Something quite astonishing (even through the pain) is the sense of clarity I am experiencing. It’s hard to describe, really, but it feels like the world has come closer, in a sense. Things seem more immediate – almost like there’s been a barrier between me and reality which has now melted away, and things have shifted into very (startlingly) clear focus. I don’t know how to explain it, and I’m the first one to pooh pooh all this talk of ‘toxins’ because, frankly, it’s immensely dull, but I suppose in the same way alcohol and drugs (like caffeine) alter our perception of things, maybe the nasty components of a so-so diet also fuzzy up our reality. In a very unscientifically proven way (then again, there are realms science can’t explain), I know I feel different, and it’s a good feeling and I want it to last. All the aches and pains have gone, and I’ve started to look forward to my morning lemon water and fruit. In five short days my taste buds have changed. Before, I couldn’t abide sweet things in the morning. Now, my plate of black grapes, chopped up naartjie with cinnamon and banana tastes completely delicious and I can’t wait to eat it. Go figure. There are a lot of salads happening, but you sexy them up with things like dried pomegranate, dried olives, good dates, fresh figs and, always, lashings of avo smashed up with lemon, cherry tomatoes and coriander. And I love that I can eat nuts and nut butter with wild abandon and not worry about the calories.
So, this is the last designated day of my detox, only it’s not the last day at all because I like the way I feel too much. I’m light and clear in my head, I sleep well and wake up awake, I don’t crave coffee at any point in the day. I’ve learnt how easy it is to make my own linseed crackers (I like to add pumpkin seeds, sesame seeds, sunflower seeds and organic coconut flakes) which I pop in the toaster instead of bread and have with avo or peanut butter. Instead of milk from a cow my nighttime drink is warm almond milk with a few teaspoons of almond butter and a swirl of raw honey. I love that I can eat as much as I want of whatever I want and that I still feel light and energized and, despite eating more or less non-stop have lost 3kgs in a week. And the food all tastes delicious.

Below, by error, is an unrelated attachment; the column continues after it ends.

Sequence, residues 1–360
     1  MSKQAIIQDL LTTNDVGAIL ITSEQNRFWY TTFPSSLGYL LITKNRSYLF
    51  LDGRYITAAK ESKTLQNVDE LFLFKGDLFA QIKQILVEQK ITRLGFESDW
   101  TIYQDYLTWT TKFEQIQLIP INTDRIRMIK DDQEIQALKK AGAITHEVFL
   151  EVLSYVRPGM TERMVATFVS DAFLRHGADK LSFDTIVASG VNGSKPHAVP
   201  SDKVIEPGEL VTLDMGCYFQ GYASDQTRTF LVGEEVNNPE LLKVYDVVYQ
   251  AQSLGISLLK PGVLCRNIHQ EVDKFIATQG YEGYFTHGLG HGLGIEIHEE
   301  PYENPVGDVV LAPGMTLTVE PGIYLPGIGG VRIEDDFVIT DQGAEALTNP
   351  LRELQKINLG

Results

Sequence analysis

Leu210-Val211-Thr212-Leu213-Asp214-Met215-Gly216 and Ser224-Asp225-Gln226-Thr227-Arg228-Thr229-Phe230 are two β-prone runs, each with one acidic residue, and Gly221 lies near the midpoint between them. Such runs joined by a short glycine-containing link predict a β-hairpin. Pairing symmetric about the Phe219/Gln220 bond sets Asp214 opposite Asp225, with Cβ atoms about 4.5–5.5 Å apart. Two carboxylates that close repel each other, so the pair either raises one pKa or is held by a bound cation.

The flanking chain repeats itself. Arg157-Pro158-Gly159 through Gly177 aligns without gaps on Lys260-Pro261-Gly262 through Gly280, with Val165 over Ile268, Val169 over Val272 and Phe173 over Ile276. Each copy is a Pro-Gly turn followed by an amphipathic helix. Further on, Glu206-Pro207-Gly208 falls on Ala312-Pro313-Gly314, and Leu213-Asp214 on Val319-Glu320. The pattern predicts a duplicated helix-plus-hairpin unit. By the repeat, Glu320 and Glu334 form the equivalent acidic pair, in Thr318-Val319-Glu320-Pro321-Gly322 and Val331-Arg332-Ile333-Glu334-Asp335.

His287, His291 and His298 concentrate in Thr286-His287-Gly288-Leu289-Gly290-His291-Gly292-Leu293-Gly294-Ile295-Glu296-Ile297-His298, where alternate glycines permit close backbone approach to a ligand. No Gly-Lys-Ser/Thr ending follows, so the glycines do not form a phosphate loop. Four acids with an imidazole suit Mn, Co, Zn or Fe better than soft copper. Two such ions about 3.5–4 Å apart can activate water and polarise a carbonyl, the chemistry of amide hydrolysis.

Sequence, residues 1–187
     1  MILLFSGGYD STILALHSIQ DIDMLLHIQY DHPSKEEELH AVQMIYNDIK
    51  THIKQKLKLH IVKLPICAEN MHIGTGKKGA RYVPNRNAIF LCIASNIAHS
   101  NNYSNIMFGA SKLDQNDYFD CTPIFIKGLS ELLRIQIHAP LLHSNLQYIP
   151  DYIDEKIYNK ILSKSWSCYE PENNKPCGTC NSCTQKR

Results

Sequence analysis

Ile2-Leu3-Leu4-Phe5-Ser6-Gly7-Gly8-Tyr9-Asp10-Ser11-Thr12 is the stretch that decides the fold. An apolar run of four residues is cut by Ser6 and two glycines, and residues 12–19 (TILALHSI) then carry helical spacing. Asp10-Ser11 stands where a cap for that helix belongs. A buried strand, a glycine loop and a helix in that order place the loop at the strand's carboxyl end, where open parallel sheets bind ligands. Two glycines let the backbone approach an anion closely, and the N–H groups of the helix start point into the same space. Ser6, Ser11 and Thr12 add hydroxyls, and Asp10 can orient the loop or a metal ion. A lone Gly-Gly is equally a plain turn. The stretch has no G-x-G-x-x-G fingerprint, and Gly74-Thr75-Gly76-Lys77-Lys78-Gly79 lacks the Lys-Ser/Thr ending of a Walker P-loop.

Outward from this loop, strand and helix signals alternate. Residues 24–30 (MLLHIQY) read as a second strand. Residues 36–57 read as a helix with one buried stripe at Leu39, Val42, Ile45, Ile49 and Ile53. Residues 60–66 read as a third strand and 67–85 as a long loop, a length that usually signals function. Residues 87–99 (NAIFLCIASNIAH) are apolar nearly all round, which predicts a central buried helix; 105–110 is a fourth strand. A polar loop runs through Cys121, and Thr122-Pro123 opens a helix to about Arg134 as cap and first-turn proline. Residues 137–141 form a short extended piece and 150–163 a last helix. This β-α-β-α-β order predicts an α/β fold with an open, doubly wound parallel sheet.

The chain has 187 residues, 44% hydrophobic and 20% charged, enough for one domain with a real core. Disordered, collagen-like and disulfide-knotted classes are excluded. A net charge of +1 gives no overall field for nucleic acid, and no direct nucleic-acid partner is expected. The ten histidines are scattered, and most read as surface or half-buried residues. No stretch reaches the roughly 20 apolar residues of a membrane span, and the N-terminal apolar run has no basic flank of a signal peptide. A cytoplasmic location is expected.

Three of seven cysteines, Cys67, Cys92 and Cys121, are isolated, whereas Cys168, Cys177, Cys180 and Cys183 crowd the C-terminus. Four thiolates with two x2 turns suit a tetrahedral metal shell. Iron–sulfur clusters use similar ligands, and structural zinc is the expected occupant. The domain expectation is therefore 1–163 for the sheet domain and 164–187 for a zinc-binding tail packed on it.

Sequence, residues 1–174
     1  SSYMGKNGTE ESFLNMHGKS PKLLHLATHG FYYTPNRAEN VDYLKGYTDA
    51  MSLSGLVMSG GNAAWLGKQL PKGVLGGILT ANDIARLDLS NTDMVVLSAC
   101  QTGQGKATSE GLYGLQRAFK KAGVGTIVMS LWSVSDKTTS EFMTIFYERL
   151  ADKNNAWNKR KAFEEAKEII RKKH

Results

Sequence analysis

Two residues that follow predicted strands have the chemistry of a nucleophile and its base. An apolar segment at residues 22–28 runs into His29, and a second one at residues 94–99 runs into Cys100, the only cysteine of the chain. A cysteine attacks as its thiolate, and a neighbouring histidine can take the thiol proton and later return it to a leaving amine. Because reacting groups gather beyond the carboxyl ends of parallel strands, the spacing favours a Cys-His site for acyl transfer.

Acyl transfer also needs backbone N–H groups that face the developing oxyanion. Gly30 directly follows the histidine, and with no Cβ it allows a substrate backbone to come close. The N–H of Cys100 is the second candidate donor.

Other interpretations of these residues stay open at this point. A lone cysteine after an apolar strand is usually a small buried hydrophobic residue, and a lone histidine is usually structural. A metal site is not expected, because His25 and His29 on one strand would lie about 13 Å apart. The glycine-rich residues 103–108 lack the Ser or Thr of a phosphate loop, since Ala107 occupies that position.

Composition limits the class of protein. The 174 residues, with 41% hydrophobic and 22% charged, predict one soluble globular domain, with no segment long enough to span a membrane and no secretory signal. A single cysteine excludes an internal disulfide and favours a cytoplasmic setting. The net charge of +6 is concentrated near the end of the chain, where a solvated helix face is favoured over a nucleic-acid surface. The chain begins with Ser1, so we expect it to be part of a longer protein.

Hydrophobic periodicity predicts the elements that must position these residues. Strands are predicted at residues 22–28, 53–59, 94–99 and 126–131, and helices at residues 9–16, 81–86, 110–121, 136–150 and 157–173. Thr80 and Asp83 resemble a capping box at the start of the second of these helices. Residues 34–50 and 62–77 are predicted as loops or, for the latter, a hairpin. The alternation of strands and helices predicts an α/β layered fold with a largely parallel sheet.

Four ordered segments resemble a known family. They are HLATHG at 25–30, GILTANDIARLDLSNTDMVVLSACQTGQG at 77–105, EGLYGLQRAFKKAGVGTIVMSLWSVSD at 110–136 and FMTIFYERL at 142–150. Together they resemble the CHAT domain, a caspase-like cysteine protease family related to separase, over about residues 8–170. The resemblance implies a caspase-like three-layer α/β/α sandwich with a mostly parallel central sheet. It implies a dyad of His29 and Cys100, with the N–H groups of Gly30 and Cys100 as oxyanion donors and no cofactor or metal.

This is a hard diet to follow 100%. It’s difficult to socialise and stick to it and boring to explain what you’re doing because everyone thinks you’re mad. And I refuse to be the person who goes to someone’s home and won’t eat the food they’ve prepared for me with love. Anyway, I like my meat and I don’t store iron well or absorb the kind you get from supplements so I need the odd rib-eye (with chips, because not having the chips is wrong on every level). So, my conclusion is this: I will continue eating raw indefinitely because it makes my body (and therefore, me) really, really happy. And my skin has never looked so good – I think it’s the high level of healthy fats. It’s kind of plumped up and glowy. But I won’t do it 100%, I’ll aim for 80%, maybe slightly more. At dinner parties and in restaurants I’ll eat what I feel like and give in to cravings, listening to what my body tells me because I’m a lot more in touch with it now. I’ve learnt about some amazing foods I’d never heard of and that I really enjoy (chia seed porridge is the BERRIES), and I know now how to eat filling, satisfying meals that don’t contain any part of a grain. I never get that blech, toxic feeling, and I’m happy to be off the coffee. It’s been an interesting experiment, and it’s kind of changed my world.
A few nights back I started reading a Rayda Jacobs novel where she keeps referring to Gatsbys and I realised I’ve never eaten a Gatsby and it’s about time I did so I know what Rayda is talking about. So, I asked on Facebook where I can find the best Gatsby in Cape Town and some American friends of mine joined in the conversation and apparently in France it’s called an Americano and it’s made with burger patties instead of polony or steak or curry. But what was interesting was when I tried to explain how come I’ve never eaten this quintessentially Cape Town sandwich before, loving all things local as I do. And I kept starting and then deleting my comment because I didn’t know how to say it: that Gatsbys are coloured food and white people just don’t eat them. It’s funny trying to explain your country to foreigners and realising, anew, how mad it all sounds (how mad it all is).
But, that’s the gospel truth, isn’t it? They’re poor food; working class fair. We mlungus might go into a café that sells them, but we’ll buy a samoosa or a chicken pie and a can of diet coke. Not a Gatsby. And I started thinking about that and how, a while ago, I had to attend a conference in Bridgetown and we white people looked at each other in bemusement. There’s a Bridgetown in Cape Town? Who knew? Well, a lot of people, it turns out. The people who eat Gatsbys. Bridgetown is in Athlone, and while all the coloured people in the world will know where Camps Bay is even if they’ve never been there, the vast majority of white Capetonians will never go to Athlone. Unless they got drunk at Forries and made a wrong turn off Klipfontein Road and pooped themselves when they realised.